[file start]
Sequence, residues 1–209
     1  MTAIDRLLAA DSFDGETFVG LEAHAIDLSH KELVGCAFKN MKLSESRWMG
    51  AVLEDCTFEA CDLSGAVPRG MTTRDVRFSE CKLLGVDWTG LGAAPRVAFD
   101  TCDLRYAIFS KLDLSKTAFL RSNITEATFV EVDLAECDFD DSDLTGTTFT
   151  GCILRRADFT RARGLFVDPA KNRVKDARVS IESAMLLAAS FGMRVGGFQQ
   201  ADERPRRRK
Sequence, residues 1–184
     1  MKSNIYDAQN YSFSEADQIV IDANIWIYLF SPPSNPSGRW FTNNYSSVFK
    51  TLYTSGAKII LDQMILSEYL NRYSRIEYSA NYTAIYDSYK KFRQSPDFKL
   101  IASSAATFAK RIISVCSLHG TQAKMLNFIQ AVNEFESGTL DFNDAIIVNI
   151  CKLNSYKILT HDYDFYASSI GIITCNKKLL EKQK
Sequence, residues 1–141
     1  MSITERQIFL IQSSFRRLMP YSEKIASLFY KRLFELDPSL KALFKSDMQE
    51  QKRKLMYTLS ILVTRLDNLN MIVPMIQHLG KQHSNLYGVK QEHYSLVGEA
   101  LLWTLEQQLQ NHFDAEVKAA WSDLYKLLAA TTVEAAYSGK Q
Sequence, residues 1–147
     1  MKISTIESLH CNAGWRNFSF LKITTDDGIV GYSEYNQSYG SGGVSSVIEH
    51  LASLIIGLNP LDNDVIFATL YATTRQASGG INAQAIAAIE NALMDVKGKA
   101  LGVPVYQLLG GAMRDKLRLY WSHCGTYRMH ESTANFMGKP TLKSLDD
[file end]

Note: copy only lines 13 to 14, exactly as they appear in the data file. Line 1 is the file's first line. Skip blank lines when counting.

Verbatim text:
     1  MSITERQIFL IQSSFRRLMP YSEKIASLFY KRLFELDPSL KALFKSDMQE
    51  QKRKLMYTLS ILVTRLDNLN MIVPMIQHLG KQHSNLYGVK QEHYSLVGEA